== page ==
Back to school

Michael Schaeffer, sophomore English teacher at West Valley High School, put up a Superman poster as decoration for his Zoom meetings with colleagues. He said he might change the poster to something different for meeting online with students. Amanda Bohman/News-Miner

The school board voted Tuesday to open elementary and middle schools to students next month but there’s a big caveat: the spread of COVID-19 in the borough must slow down.

“We just have to keep watching those numbers and see what they do,” said Dr. Mishelle Nace, medical adviser to the Fairbanks North Star Borough Board of Education.

Fairbanks is a COVID-19 hot spot in Alaska with a two-week daily average case count that is rising.

As of Tuesday, the two-week average was 17 new cases per day — twice as high as the two-week daily average on Aug. 21, which is the day after the 2020-21 school year started.

According to the school district director of communications, there are nine known COVID-19 cases among students or staff at the district, which is allowing high school sports teams to conduct practices using strict pandemic mitigation protocols. Two weeks ago, that number was four.

Students in the Fairbanks district are in remote learning status, and the school board voted to open elementary schools to students five days a week as soon as Oct. 5 and middle schools to students part-time as soon as Oct. 19. They delayed a vote on when and how to open high schools.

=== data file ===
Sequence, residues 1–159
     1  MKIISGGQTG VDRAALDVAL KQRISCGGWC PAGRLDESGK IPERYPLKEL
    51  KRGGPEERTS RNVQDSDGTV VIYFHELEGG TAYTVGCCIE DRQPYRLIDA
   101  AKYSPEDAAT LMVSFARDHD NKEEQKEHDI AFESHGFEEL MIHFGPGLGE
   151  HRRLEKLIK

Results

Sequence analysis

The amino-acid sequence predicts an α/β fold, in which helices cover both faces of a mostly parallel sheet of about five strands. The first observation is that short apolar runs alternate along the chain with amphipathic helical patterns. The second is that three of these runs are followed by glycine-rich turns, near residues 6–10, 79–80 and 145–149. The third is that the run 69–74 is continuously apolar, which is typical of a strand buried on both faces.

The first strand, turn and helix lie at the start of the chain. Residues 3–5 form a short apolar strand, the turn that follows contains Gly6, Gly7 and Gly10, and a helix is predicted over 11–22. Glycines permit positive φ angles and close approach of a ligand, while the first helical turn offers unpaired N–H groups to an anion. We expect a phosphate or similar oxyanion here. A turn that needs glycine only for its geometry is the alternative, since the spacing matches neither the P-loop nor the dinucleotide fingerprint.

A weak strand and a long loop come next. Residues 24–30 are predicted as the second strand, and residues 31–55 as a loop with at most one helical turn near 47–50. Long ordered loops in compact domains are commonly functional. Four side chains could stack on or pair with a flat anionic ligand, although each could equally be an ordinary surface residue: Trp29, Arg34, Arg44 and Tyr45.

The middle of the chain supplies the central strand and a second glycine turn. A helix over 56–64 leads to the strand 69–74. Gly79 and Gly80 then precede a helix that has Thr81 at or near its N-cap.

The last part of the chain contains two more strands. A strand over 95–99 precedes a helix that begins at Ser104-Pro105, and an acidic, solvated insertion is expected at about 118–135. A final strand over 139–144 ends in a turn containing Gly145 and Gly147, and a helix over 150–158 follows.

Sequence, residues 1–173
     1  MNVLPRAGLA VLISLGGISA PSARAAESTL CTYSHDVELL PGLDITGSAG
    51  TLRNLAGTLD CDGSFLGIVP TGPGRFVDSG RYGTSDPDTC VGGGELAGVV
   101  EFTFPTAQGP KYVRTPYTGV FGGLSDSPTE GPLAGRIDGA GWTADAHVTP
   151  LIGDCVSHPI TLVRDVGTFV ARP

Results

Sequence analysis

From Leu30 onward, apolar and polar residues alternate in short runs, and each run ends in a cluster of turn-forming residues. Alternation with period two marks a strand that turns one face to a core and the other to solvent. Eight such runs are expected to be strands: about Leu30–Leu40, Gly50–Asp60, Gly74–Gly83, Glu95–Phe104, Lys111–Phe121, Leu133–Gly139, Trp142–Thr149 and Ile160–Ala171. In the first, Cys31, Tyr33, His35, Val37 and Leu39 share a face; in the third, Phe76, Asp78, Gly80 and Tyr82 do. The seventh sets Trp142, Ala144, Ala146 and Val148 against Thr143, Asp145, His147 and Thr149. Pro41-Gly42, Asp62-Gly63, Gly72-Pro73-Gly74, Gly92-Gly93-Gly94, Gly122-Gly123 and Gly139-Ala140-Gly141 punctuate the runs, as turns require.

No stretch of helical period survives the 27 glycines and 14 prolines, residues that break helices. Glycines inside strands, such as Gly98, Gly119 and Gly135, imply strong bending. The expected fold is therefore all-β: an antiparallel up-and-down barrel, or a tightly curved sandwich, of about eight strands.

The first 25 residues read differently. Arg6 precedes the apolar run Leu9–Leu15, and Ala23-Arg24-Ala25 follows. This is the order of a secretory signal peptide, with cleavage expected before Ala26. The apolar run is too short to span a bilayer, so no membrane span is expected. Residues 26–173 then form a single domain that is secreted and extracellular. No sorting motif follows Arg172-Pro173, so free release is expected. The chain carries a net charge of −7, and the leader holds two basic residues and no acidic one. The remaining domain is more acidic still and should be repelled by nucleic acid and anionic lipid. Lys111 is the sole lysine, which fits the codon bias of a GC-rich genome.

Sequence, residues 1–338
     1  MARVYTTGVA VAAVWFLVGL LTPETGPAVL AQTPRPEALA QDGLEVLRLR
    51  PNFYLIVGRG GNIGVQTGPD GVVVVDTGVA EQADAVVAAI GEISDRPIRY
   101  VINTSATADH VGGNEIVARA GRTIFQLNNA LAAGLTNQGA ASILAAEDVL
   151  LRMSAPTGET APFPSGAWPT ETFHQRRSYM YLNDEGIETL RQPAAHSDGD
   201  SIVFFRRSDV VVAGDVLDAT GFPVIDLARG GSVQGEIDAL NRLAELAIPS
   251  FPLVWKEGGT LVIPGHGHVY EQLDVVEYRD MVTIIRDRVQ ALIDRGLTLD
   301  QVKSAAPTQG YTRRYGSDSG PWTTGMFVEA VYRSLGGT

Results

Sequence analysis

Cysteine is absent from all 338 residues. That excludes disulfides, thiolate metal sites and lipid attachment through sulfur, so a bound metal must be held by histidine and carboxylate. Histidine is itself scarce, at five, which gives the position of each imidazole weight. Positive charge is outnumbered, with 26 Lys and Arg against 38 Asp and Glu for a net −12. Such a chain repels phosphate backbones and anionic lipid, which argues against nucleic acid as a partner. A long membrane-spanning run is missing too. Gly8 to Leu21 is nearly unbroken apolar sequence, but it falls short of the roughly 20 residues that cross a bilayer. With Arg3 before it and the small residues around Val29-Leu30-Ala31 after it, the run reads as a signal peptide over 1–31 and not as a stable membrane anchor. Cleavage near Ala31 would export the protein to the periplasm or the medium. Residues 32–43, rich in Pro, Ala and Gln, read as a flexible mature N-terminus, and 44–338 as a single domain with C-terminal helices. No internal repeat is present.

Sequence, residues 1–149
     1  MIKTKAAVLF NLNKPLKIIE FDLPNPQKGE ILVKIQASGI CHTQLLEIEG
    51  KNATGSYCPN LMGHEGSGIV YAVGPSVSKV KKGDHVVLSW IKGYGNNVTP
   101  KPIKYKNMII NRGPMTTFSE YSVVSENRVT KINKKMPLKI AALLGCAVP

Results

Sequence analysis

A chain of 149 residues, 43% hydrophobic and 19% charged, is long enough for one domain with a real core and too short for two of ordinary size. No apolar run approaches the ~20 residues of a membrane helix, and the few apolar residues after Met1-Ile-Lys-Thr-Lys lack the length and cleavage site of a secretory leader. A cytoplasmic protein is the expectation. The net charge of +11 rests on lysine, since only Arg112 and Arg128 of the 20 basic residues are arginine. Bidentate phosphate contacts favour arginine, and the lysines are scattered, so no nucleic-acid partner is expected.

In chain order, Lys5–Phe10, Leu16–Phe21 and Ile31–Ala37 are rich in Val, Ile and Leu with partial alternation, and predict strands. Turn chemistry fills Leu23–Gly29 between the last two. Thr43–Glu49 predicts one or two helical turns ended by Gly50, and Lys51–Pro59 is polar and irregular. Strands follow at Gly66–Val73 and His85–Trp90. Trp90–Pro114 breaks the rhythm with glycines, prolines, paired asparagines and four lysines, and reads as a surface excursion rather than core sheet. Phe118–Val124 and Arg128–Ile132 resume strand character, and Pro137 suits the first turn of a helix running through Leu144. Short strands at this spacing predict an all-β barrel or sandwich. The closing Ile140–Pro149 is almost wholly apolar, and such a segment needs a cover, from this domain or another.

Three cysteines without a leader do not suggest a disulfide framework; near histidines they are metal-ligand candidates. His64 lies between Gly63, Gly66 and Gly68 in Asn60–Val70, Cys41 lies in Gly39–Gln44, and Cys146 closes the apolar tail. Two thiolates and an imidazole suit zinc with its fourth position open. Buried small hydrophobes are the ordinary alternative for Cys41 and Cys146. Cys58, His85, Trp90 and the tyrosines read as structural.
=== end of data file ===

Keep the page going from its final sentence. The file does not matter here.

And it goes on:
The school bus contractor will begin mobilizing right away to prepare to provide transportation to elementary students in less than three weeks, according to Ryan Hinton, the district’s transportation coordinator.

The school district is currently in the red zone on its COVID-19 risk assessment matrix and schools will open only if the risk is lowered to the yellow or intermediate zone.

Hinton told the school board that drivers will need to be flown in from Seattle in short order and trained in the coming weeks due to a school bus driver shortage in Fairbanks.

For high schools, the school board was presented two options: open them to students one day per week, allowing the number of students in the buildings at one time to be reduced by 75%, or keep those secondary students in remote learning status through the end of the year.

School board members disliked both options and postponed a decision on when and how to open high schools until the next Board of Education meeting Oct. 6.

"The two options that are given to us. They are both completely unpalatable," school board member Matthew Sampson told the administration.

Contact staff writer Amanda Bohman at 459-7545. Follow her on Twitter: @FDNMborough.